The 15 Rules for Chattels and Fixtures
Is it a chattel or a fixture? For both real estate agents and lawyers, this is often a puzzling question. There are some basic rules, that is, legal tests that Courts will apply to figure this out.
Let me give you two statements from real estate vernacular which aren’t true:
- If it takes a tool to remove it…… then, it must be a fixture.
Turn the house upside down and shake it…… all the chattels will fall out.
If you used these two statements as your guidelines, you probably would be right 60% of the time. No Court has ever used that!
Don’t you want a better batting average than that?
Here are the 15 Rules that you will find drawn from common law legal principles:
Rule #1 – if it is not attached, then it’s a chattel,
Rule #2 – unless the intention shows otherwise (fixture),
Rule #3 – if it is attached, then it’s a fixture,
Rule #4 – unless the intention shows otherwise (chattel),
Rule #5 – Rules 1 and 3 create rebuttable presumptions,
Rule #6 – The presumption may be rebutted by the degree of annexation,
Rule #7 – The presumption may be rebutted by object or purpose of annexation,
Rule #8 – the evidence required to rebut a presumption must be patent,
Rule #9 – intention is to be determined according to an objective test,
Rule # 10 - First items resting on their own weight or merely plugged in would be chattels,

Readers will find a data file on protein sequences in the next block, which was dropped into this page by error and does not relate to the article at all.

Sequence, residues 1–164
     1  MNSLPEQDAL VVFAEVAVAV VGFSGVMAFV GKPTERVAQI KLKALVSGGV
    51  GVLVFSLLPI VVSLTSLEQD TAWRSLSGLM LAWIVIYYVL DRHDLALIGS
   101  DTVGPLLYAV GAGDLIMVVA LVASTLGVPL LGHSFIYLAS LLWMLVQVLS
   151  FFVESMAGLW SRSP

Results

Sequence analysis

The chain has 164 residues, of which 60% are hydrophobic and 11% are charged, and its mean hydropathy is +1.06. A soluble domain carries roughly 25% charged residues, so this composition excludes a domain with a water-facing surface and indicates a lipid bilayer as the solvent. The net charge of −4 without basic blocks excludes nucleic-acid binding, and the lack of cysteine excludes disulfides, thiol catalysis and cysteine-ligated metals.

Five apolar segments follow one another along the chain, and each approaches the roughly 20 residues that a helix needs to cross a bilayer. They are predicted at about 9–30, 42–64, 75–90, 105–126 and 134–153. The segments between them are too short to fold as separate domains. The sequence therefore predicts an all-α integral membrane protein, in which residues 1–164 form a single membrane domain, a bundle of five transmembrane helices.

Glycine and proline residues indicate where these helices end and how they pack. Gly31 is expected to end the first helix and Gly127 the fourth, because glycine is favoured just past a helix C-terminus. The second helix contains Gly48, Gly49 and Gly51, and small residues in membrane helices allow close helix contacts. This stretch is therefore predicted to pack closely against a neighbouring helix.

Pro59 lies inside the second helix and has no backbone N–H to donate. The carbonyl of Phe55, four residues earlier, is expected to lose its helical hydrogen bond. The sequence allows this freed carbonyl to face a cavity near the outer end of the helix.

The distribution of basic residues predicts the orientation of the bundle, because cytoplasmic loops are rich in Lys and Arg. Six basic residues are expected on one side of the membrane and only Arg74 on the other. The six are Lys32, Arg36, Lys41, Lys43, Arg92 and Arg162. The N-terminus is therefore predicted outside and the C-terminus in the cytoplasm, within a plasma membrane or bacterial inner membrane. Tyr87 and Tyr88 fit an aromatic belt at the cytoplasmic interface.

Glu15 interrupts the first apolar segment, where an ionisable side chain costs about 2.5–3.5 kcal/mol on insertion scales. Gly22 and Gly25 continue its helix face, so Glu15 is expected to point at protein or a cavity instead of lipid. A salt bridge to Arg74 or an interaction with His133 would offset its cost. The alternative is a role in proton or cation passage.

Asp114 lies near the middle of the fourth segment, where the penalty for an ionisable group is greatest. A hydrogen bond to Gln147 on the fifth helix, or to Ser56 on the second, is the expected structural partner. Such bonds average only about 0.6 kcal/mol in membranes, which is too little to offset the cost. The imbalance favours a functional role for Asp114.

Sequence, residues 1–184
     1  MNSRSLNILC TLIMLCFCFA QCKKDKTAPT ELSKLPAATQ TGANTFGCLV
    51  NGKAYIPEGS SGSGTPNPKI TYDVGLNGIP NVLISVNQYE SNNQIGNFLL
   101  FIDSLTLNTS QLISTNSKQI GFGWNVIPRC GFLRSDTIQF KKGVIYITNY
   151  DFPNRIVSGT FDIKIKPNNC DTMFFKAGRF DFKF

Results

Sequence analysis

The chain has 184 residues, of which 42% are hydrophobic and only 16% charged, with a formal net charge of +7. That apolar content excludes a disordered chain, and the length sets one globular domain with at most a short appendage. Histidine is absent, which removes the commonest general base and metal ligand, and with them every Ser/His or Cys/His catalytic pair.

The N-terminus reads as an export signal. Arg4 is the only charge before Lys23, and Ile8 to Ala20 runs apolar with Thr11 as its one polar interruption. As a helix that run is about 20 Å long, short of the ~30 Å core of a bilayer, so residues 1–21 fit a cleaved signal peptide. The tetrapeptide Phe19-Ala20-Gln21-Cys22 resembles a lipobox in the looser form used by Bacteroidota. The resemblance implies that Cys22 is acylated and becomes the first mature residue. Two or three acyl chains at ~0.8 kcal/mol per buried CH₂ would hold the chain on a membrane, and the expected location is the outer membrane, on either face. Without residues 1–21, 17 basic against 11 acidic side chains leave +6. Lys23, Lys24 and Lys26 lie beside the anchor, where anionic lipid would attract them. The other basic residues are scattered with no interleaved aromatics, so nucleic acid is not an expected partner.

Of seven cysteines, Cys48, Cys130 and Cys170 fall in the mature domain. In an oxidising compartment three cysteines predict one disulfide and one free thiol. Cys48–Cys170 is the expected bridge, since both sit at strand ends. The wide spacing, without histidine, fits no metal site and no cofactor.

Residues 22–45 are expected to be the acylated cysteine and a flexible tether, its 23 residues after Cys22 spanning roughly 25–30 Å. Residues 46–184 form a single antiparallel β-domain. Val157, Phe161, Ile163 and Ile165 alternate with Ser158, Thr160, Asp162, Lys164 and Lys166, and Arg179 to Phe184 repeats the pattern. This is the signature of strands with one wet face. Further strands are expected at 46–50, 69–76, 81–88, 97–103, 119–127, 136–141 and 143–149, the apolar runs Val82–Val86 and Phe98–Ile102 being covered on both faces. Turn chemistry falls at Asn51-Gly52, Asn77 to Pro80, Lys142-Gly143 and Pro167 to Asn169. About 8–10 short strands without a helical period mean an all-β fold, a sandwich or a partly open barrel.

Rule # 11 - unless appreciable damage would result from their removal,
Rule # 12 - Items otherwise attached would be fixtures,
Rule # 13 - When equipment is attached to a structure, all of its components are to be regarded as fixtures,
Rule # 14 - even a part that can be removed easily, if the removal of that part would render the machine/fixture inoperative,
Rule # 15 - Only in exceptional circumstances would one resort to the purpose test, as in the case of mobile homes or other expensive and large items.
There are probably at least, another half dozen basic rules.
You also need to be able to employ the intention-purpose test effectively on an objective basis.
Also, if the chattel can be considered to be part of a set, and the set itself is a fixture then the additional item, otherwise a chattel will be a fixture.
So, let me ask a simple question: “there are two picture hooks on a wall, both identical, from the same 29 cent package, one is a chattel and the other is a fixture. Do you know how to tell the difference?
Brian Madigan LL.B., Broker